3. Non-invasive pulsed electromagnetic energy
While neurostimulation is one of the most common opioid-free pain management solutions, there are other devices that have taken another route.
Regenesis Biomedical (Scottsdale, Ariz.) created the Provant therapy system. The Provant therapy system is a non-invasive medical device that delivers dual-field pulsed electromagnetic energy to an area of pain for a therapeutic and drug-free solution. It reduces pain by inducing the natural endogenous opioids that form in the body to reduce pain. It can be used at home, twice a day for 30-minute increments. The system is recommended for use in treating postoperative pain and edema of soft tissue and is available through a prescription only.
4. A non-opioid pain relief pump
Halyard Health (Alpharetta, Ga.) developed the ON-Q pain relief system for post-operation pain relief. ON-Q is a non-opioid pain relief pump that can give a patient over three days of pain relief after surgery. ON-Q delivers an automatic, regulated flow of a local anesthetic through a specially designed catheter inserted near the surgical site or close to nerves. It also offers customizable control for personalized, continuous pain relief throughout the procedure and recovery.
5. Bedside pain management
Avancen (Mount Pleasant, S.C.) is tackling the opioid problem right from the recovery room with its MOD bedside pain management system. The system is a secure wireless patient-controlled analgesia device that houses eight doses of the patient’s pain medication and is safely secured on an IV pole. Each patient using the system is assigned a radio frequency identification wristband that is registered just to them through the device’s software program MODTrac. Clinicians enter the dosage and frequency of the medication into the system, and at prescribed lock-out time intervals, a green light will illuminate to let the patient know that they can take the next dose of oral medication, if needed. An hour after the patient takes their medication, they are asked to rate their pain on a scale of one to 10. Clinicians can then gauge how the medication is working for them.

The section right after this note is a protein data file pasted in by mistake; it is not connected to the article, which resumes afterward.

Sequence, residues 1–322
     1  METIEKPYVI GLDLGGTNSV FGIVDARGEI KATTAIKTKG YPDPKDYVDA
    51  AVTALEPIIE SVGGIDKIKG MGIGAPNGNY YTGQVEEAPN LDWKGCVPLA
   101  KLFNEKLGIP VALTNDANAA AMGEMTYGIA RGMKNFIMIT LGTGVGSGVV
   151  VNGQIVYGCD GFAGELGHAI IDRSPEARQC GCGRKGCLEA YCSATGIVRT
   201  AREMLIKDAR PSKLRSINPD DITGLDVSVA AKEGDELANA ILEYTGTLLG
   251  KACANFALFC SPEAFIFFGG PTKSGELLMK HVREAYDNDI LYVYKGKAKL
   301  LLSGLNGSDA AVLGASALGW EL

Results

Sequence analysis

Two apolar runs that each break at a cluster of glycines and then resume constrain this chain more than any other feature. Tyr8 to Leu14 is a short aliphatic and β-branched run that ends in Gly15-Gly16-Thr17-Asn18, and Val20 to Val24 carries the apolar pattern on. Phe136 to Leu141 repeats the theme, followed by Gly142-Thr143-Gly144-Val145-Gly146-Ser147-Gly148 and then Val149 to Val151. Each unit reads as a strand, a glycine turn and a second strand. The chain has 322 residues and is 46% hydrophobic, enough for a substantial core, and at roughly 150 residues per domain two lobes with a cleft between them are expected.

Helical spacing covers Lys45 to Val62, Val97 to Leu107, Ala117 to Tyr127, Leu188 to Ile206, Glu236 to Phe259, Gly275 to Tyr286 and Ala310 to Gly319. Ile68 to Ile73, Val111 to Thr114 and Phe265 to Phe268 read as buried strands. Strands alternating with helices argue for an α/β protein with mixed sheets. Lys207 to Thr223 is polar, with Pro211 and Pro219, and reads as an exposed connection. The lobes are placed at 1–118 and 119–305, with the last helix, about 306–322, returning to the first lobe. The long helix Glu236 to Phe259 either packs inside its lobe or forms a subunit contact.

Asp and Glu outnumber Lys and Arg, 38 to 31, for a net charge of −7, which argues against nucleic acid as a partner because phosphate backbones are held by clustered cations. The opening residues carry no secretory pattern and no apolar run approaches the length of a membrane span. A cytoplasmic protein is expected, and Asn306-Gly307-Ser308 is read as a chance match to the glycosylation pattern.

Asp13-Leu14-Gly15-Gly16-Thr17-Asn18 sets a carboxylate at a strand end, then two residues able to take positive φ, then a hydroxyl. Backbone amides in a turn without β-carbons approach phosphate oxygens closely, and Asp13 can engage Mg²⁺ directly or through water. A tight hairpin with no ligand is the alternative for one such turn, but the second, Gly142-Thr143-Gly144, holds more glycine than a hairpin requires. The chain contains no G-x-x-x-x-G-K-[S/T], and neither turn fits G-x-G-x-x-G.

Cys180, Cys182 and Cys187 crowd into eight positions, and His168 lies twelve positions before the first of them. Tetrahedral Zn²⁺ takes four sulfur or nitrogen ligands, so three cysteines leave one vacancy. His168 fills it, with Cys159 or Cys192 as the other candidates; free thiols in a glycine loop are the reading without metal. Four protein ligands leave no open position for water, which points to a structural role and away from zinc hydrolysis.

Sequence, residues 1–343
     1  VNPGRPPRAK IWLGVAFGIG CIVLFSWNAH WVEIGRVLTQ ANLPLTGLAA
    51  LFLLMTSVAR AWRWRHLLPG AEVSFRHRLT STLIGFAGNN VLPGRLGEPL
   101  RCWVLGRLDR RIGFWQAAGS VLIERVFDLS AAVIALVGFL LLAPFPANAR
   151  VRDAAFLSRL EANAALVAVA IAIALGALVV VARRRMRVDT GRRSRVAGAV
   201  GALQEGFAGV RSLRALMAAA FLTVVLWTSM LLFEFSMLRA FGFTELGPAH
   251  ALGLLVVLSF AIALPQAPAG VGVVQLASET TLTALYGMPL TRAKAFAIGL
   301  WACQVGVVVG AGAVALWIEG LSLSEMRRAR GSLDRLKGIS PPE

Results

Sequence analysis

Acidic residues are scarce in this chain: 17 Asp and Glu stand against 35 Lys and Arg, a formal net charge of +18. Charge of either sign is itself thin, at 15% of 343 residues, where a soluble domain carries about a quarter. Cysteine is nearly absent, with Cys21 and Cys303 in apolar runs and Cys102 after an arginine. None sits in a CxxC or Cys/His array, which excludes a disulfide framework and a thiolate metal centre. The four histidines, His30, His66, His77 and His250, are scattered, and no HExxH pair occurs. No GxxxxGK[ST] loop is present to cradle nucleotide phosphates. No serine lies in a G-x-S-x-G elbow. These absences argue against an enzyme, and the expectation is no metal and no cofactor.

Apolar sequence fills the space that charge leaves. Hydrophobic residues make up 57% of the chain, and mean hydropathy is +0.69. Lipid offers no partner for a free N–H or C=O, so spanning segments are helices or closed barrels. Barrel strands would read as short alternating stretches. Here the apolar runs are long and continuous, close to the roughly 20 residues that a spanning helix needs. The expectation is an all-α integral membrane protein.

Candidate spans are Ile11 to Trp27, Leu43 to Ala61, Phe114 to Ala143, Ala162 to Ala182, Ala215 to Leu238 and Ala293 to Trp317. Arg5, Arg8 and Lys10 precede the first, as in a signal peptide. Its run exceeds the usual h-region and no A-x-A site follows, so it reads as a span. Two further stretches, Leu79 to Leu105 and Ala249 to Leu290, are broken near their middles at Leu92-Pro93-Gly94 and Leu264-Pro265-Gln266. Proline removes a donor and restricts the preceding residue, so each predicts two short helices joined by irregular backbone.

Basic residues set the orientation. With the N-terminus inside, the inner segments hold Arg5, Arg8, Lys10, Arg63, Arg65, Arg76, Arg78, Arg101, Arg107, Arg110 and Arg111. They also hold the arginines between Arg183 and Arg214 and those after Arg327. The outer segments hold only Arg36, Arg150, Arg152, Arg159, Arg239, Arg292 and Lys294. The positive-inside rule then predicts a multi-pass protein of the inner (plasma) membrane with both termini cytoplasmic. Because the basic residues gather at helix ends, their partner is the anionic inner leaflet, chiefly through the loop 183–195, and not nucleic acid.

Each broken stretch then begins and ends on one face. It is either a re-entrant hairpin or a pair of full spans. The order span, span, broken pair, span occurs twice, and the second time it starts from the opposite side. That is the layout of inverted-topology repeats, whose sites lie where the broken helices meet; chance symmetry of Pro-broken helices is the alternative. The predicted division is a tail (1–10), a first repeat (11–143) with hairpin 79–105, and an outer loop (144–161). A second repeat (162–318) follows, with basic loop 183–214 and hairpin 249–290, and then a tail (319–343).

“Data and changing behaviors is what will drive the cure for the opioid epidemic. This is based on our need for a cultural change,” said Thomas Hickey, director of business development at Avancen. “Up until this point, it has been the practice of many of the medical staff in hospitals to send patients home with a 30- to 60-day supply of opioids. This practice has occurred because the medical staff has no empirical data to rely on. In other words, that’s the way we have always done it.”
What aren’t more pain sufferers using medical devices?
More medical professionals need to become aware that there are medical devices to treat pain, according to Vance at Myoscience.
“Since the use of medical devices is recently being recognized as a viable option for pain management, very few healthcare providers are aware of what’s available,” Vance said. “So, access to such treatments and technologies can be challenging.”
Barriers to adoption include access, awareness and overcoming existing physician perceptions, according to Caraway at Nevro.
“Currently, opioid medication is easily accessible and able to be prescribed by primary care providers,” Caraway said. “In contrast, to administer spinal cord stimulation, a patient must be qualified as a candidate and be implanted by a trained pain specialist or surgeon.”
The FDA, Centers for Medicare and Medicaid Services and the President’s Commission on Combating Drug Addiction and the Opioid Crisis have all listed medical devices as a potential solution to the opioid epidemic. Even with government’s supportiveness around using medical devices to treat pain, it still takes a while to achieve regulatory approval and reimbursement from payers.
“Medical devices are regulated by the FDA and reimbursed by payers such as Medicare (CMS). The FDA and CMS are being collaborative in the process for gaining clearance and coverage to market devices,” said Scott Robey, VP of marketing at Regenesis Biomedical. “The requirements to bring a safe, non-drug solution to these patients are costly and time consuming. And for an emerging company with resource constraints, a more timely, transparent and collaborative process will help accelerate solving the opioid crisis.”